Mercredi 21 Août 2019  
 

N°93 - Premier trimestre 2011

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  Mme / Mrs Imoni Akpofure

Creating Opportunity Where It’s Needed Most

By Mrs Imoni Akpofure
General Delegate in Europe, Western Europe
Departement, International Finance Corporation (IFC)

As the world recovers from the worst economic crisis in recent memory, it is time to reflect on how similar downturns can be avoided in the future and how our ever more intertwined world can provide economic opportunity for all.
As a result of the crisis millions of people were pushed back into poverty and, in some countries, public confidence in the virtues of private markets dwindled. Yet prosperity cannot be restored and sustained without a major contribution from the private sector.
It provides more than 90 percent of jobs, creating opportunities for people to improve their lives. It drives innovation, and provides the goods and services needed to sustain and improve living standards. And the private sector is the main source of tax revenues, contributing to public funding for health, education, and other services.
These contributions are more important than ever in the wake of the economic crisis, when governments face even greater constraints in serving their societies. The resources needed to alleviate poverty and advance development are too vast for governments to provide on their own.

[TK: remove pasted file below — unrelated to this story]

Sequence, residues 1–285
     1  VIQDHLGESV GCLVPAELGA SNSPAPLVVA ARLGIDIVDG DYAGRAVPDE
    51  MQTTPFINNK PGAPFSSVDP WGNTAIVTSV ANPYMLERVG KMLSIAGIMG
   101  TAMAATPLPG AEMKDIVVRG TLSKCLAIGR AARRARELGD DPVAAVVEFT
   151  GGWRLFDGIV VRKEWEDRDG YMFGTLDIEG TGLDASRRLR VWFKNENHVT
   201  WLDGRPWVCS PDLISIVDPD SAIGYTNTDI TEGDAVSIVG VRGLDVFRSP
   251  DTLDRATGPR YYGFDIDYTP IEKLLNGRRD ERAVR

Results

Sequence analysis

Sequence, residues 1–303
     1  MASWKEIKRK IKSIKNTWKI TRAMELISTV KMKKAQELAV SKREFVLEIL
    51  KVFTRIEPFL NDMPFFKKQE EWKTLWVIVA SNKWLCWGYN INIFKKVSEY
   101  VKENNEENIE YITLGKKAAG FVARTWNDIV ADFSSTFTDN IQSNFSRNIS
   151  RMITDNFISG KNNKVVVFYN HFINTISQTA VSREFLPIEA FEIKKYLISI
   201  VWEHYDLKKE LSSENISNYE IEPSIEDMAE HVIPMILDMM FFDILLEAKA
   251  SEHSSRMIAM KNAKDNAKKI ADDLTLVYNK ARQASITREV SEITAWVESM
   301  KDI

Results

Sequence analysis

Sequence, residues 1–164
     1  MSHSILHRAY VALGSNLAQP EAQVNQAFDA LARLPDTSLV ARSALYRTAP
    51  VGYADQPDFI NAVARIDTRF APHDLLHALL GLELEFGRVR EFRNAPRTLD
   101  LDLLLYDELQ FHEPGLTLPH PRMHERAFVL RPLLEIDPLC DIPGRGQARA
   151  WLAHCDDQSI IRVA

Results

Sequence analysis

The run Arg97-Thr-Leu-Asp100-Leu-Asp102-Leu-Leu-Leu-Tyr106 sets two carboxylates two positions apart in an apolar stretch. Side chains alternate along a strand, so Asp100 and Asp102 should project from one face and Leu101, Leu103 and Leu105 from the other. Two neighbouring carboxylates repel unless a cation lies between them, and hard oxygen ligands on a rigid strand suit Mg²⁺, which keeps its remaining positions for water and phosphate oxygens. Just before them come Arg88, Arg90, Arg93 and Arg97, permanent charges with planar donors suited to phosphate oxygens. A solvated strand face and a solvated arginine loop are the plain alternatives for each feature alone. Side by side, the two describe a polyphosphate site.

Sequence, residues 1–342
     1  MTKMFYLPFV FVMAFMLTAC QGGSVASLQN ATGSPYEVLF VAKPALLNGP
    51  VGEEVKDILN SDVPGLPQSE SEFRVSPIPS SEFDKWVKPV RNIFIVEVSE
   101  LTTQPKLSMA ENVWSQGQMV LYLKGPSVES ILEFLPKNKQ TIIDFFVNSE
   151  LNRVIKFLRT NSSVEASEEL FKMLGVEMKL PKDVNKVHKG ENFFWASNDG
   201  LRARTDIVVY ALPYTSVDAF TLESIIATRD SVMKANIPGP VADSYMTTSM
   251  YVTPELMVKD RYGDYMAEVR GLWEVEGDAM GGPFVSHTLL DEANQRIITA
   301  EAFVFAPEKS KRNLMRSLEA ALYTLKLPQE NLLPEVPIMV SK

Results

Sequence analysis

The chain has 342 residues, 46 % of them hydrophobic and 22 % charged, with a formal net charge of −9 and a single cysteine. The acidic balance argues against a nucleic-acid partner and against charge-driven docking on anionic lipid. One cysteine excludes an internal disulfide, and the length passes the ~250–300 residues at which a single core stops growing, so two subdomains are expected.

We estimate the international financing needs of developing countries at over $1 trillion a year, and it is evident that most will have to come from private investors. In addition, more than 80 percent of the investment needed for climate-change mitigation and adaptation is expected to come from private sources. So what we need is not less private sector but more; a private sector that is more inclusive and improves the lives of the poorest.
Developing countries account for a growing share of the global economy, in fact they helped pull the world out of the recent recession. They have a vital interest in getting private sector development right. So does the rest of the world.
Our belief in the private sector doesn’t blind us to the challenges of sustainable private sector development. Most firms would prefer to operate with a minimum of regulatory constraint — yet regulation may be necessary to protect a range of important social interests, including the environment. Others would seek special privileges — even if this is inimical to the development of dynamic competitive markets that drive innovation and long-term growth.